Looking ahead, Helena sees even greater challenges. On the one hand, it is about running the business optimally, finding employees who want to work in the business and using digital technology to get decision support to act on in order to develop the business in the best way. Another challenge is the consumer perspective, being transparent and clear about the way technology is used and how it contributes to better animal welfare.

To collaborate and exchange experiences and knowledge about new technologies was another of the pieces of advice for success given by Helena. Also featured prominently during the seminar were a number of innovations presented in connection to beef and lamb production from Eurotier Hannover 2018, the world's largest fair for animal production.

Digital news from Eurotier 2018
Clearly there is a lot happening. Both in terms of new technologies and new solutions to give the user a better overview of collected information and to deliver measurement data to act on. Much of the new technology was about allowing measurements to be made by attaching sensors and tags to the animals in order to optimise production control and health control. Also solutions for monitoring and positioning inside and outside were presented. This included an idea for artificial grazing control outdoors. Also, heat detection and more opportunities for getting advance information about when calving is approaching as well as weight control to optimise slaughter time were included in the new technology. A new opportunity to analyse feed, new techniques for indoor camera monitoring, new techniques for weight control and even sensors submerged in the milk tank and sensors in the cow's belly were presented as well as new possibilities for using milking robots to take milk samples.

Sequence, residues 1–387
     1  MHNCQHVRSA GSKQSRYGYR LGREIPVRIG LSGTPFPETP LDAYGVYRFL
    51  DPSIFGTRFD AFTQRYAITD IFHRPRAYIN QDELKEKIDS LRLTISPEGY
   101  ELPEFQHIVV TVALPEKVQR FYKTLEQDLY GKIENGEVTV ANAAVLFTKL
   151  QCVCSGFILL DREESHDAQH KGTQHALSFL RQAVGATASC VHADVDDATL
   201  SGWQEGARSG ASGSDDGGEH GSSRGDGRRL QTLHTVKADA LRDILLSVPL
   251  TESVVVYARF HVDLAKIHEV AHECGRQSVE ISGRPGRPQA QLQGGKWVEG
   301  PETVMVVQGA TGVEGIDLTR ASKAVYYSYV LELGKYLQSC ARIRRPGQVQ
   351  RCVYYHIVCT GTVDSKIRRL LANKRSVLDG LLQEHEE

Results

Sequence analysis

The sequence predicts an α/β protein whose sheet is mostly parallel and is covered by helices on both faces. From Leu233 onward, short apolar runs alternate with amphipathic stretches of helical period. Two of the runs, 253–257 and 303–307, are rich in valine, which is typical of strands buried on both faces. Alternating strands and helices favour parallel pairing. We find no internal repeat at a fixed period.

Measuring the technology you want to measure
The list of innovations from Eurotier 2018 along with technology and solutions from other projects is impressive. Anna Hessle, researcher at SLU Skara, looks positively at the development but adds that it is important that the technology is validated. Something that she thinks is the task of researchers. In order to provide real support, the technology needs to function in the context in which it is to be used. The monitoring of animal welfare in large herds is important. With new technology you can detect deviations early and get decision support to know what needs to be done and when to do it. With well-functioning digital technology, you can get important information, but in order to take the right action, the basis for the decision needs to be correct.